In a world of international tension, “sister cities” are intended to be olive branches of international friendship that stimulate commerce.
Toledo Sister Cities International, however, has been struggling with disagreement over the performance of its director and over complicated bylaws that don't treat all sister-city organizations equally. Last week, TSCI's 27-member board of directors admitted it had lost legitimacy because it waited too long to call an annual general membership meeting.
Sister Cities is supposed to promote international economic development for Toledo. The organization gets $65,000 a year from the city's Department of Economic and Community Development and occupies valuable 21st floor office space in Government Center - the same floor as City Council and one floor away from the mayor's office.
Toledo Sister Cities International was formed in 1992. At the time, the city had, on paper at least, relationships with Toledo, Spain; Londrina, Brazil; Qinhuangdao, China; Szeged, Hungary, and Poznan, Poland.
Of those, only Toledo, Szeged, and Poznan have active local committees today.
TSCI has helped usher in new relationships with Toyohashi, Japan; Tanga, Tanzania, and Delmenhorst, Germany, all of which are active.
Executive Director John Henry Fullen said TSCI is hampered by local, independent sister-city “committees” that maintain their own memberships, bank accounts, and international connections. Mr. Fullen backs a policy that would require them to be more closely allied with the central organization, including providing at least 50 dues-paying members to TSCI.
“We have this awkward situation where some are paid members and some are not. It's something that has to be resolved,” Mr. Fullen said. “The best programs in the country have created one organization. There's strength in unity.”
Members of those committees say they are the heart of the movement, and should be offered more assistance by the central office.
“I look at the role of the TSCI as a facilitator for existing groups,” said Susan Orosz, president of the Szeged committee. “Because we haven't gotten support in the past from the office, then as a committee we continue to do our functions. John Henry has not come to our meetings recently. We have repeatedly asked either for a newsletter or a way of communicating with the other committees.”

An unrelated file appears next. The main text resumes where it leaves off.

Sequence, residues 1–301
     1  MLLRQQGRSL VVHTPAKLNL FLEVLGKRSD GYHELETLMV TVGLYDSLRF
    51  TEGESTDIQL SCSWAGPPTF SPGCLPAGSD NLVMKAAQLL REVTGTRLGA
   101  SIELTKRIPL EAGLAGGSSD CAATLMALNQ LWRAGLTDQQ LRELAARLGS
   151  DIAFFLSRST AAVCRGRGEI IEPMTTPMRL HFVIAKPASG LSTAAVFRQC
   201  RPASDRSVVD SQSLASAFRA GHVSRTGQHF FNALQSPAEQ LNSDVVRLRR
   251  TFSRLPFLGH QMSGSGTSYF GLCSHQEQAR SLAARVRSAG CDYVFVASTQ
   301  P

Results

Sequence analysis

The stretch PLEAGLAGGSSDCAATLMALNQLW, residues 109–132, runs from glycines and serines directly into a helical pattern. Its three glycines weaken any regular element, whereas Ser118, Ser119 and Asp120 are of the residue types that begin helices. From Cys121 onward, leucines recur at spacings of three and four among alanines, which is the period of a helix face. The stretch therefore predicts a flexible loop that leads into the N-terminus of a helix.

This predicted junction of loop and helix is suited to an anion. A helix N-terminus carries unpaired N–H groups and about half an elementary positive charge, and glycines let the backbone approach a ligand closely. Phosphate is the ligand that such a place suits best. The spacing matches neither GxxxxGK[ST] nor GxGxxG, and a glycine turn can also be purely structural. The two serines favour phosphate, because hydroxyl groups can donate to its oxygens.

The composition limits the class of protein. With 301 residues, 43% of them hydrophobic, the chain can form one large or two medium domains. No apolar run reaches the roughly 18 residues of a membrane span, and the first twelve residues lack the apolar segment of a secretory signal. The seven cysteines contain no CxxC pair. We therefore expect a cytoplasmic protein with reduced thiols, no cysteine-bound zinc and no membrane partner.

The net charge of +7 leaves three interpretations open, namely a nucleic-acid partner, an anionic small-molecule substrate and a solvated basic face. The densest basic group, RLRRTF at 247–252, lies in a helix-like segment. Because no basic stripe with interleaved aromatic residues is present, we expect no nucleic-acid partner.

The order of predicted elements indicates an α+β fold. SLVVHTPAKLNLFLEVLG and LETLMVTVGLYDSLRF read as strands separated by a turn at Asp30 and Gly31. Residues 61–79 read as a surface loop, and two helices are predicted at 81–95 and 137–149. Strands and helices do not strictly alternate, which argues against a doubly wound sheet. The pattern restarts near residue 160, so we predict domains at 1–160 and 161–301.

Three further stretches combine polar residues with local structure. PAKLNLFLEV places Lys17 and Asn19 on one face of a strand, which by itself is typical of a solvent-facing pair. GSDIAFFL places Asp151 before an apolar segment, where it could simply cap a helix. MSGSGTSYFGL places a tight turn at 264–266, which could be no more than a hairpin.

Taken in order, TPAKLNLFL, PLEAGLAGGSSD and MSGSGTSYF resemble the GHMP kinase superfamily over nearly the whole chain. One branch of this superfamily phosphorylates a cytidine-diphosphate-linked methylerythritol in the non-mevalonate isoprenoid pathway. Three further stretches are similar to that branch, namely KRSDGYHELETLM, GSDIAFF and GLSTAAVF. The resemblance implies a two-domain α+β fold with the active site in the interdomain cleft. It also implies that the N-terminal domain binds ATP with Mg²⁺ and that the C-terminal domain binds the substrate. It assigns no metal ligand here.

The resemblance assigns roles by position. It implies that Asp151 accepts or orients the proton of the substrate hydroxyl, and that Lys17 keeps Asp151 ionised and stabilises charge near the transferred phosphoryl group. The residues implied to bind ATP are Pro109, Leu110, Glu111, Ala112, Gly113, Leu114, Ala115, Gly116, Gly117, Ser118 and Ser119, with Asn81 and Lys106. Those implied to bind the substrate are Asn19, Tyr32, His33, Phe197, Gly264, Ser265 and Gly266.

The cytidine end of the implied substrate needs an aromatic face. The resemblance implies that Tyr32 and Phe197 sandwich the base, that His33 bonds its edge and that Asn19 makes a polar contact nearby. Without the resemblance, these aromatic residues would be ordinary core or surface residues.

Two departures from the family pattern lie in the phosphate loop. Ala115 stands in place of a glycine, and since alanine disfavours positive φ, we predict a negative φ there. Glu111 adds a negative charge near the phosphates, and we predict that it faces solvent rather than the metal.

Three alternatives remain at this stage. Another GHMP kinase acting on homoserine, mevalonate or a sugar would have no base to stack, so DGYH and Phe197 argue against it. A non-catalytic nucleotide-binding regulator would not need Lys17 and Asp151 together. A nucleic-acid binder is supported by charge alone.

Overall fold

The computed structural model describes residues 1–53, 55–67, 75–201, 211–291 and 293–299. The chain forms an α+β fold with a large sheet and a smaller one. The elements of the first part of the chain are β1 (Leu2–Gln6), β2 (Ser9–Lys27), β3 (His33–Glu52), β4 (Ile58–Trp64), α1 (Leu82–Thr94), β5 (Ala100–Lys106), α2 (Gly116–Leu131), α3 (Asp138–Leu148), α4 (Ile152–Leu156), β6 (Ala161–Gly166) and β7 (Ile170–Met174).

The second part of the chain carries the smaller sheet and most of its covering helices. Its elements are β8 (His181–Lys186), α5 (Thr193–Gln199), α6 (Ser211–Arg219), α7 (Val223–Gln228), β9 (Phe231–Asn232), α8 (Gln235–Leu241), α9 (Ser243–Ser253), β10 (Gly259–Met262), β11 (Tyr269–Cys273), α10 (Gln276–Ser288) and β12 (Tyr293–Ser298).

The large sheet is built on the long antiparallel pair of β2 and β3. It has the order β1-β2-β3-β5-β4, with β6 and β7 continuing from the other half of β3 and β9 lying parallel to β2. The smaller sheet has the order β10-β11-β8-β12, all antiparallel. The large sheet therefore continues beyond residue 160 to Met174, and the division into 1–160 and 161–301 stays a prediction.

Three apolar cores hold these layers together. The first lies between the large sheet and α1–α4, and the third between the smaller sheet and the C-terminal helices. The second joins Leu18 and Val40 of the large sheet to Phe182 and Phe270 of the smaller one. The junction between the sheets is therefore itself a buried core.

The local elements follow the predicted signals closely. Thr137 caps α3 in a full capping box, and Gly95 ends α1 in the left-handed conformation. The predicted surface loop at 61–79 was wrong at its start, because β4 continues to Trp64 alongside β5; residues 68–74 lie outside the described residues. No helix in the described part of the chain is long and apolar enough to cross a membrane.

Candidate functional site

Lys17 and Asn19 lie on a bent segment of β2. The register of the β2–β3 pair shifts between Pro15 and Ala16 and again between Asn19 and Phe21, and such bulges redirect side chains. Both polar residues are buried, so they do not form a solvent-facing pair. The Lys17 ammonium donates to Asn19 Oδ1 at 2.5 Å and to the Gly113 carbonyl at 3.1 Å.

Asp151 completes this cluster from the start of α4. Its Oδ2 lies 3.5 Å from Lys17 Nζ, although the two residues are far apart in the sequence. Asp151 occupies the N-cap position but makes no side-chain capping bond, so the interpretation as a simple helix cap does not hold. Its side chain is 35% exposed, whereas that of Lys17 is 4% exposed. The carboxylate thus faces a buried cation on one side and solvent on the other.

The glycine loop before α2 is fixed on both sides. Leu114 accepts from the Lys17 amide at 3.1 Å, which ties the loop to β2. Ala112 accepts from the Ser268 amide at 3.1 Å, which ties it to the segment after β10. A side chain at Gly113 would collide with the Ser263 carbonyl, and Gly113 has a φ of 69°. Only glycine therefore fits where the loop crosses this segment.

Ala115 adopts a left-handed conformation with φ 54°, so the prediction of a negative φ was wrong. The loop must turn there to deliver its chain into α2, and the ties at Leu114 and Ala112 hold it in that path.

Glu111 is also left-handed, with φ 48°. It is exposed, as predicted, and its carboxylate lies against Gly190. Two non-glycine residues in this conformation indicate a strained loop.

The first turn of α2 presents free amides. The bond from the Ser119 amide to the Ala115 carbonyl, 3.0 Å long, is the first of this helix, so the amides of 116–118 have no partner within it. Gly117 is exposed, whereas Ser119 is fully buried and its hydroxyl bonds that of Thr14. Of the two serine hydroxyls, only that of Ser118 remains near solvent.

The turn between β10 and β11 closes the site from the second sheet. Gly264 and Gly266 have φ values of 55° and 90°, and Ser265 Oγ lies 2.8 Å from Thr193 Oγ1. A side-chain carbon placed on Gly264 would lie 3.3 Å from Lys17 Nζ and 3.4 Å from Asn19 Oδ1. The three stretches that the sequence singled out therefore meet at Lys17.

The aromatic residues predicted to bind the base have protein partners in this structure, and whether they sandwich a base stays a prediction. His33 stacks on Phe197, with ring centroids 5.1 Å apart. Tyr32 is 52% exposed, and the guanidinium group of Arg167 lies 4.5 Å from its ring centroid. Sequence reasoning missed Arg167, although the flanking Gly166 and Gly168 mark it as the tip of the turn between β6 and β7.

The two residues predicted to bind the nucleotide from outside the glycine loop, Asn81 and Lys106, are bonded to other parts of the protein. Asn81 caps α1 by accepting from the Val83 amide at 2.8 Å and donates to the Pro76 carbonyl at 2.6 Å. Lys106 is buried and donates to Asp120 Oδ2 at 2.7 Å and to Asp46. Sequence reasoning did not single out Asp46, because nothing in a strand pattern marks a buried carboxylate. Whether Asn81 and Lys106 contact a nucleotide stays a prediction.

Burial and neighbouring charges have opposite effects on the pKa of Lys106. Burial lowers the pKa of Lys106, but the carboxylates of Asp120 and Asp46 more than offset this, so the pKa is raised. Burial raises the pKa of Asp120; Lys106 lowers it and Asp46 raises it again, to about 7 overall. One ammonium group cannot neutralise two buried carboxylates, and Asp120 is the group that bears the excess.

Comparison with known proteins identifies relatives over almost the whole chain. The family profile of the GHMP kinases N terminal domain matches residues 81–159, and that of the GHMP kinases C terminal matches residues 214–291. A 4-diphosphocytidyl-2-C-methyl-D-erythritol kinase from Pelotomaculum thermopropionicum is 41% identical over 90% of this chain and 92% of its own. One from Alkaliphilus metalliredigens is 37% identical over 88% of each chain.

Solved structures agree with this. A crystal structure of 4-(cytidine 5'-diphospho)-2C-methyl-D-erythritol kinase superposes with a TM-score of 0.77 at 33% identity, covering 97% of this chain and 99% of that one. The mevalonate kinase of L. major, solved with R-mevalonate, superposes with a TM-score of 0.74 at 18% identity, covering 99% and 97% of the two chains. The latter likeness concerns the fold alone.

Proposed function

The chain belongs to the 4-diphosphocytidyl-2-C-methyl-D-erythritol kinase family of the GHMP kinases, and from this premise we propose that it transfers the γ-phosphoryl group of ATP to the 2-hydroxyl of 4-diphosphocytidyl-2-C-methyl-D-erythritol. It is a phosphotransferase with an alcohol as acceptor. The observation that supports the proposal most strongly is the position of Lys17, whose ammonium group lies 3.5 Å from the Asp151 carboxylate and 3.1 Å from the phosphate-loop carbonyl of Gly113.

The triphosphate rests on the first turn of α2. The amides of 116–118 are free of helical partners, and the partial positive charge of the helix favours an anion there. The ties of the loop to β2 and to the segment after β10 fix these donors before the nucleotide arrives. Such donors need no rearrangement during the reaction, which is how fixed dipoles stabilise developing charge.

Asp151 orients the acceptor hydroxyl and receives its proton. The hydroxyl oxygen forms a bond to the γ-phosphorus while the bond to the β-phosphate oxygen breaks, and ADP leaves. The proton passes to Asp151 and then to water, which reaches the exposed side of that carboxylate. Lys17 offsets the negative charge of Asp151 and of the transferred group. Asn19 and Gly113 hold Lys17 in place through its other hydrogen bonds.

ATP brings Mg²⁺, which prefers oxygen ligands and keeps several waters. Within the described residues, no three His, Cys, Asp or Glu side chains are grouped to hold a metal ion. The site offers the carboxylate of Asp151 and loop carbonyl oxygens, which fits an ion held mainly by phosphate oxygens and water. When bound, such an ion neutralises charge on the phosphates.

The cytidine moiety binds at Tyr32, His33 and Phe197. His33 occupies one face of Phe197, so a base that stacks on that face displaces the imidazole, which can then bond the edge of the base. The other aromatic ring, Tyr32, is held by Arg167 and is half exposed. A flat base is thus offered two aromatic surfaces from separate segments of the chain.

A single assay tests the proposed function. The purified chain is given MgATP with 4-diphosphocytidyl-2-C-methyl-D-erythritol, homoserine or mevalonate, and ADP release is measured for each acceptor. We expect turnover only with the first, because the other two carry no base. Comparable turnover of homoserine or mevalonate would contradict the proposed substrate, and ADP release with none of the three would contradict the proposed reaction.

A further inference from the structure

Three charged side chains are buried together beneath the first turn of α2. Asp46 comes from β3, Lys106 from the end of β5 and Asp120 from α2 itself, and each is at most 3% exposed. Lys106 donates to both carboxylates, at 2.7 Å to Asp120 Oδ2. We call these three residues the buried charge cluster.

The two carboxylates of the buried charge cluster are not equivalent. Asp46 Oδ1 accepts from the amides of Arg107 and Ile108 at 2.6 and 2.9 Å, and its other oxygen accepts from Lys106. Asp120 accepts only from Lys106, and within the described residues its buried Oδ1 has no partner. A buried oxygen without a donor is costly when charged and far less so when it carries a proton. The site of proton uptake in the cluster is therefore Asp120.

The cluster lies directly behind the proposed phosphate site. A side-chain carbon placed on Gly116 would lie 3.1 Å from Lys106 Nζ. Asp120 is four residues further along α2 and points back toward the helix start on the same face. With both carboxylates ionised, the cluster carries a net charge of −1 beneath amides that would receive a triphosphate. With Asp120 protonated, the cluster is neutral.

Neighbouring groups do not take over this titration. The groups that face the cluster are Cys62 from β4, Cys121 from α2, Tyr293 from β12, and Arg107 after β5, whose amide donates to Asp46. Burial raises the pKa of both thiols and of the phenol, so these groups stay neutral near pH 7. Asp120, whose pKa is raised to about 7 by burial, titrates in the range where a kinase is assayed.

Mr. Fullen's leadership came under sharp criticism in a report written Sept. 9, 2002, by former board treasurer Christine Weisfelder after she was voted out as treasurer. Ms. Weisfelder cited what she called “irresponsible financial reporting” and inadequate fund-raising.
She charged that the organization is too dependent on the city of Toledo and Lucas County for its operating revenues, and that the organization hadn't developed enough grants and ongoing exchange programs.
Mr. Fullen called Ms. Weisfelder's memo “a discouraging and demoralizing means of encouraging professional and organizational development.” He said if the memo proves anything, it is that there is an “unreasonable burden” on him as executive director, and that he should be provided with a part-time financial manager.
Unable to agree on new bylaws that would set uniform membership rules for all sister city organizations, the board and Mr. Fullen had recently decided to hire a professional facilitator. But last week, City Council President Louis Escobar told them because no appointments had been made since April 5, 2001, all the board appointments had expired. Board memberships are two-year terms.
The board is made of up of two sets of directors - 14 “Class A” directors who are appointed by the mayor, and 13 “Class B” directors who are elected by the general membership. Under TSCI's bylaws, the mayor's 14 appointments must be made from a list of nominees supplied by the 13 Class B members.
On Thursday, the former board members met as private individuals and agreed to help start the process of picking a board. A general membership meeting is planned for next month.
Whether the current board members end up in charge remains to be seen.
Mayor Jack Ford told the board last week he doesn't want to be told who to appoint and he also advised the board to simplify its bylaws. He recommended the board draft a new job description for Mr. Fullen, give him some direction, and then evaluate his performance after six months.
Board members say they're chagrined by the turn of events.
“I am so tired of the accusations against the executive director when it's our job to give structure,” said Lisa Marie Kowalski, one of the newest board members. “Are we not adults?”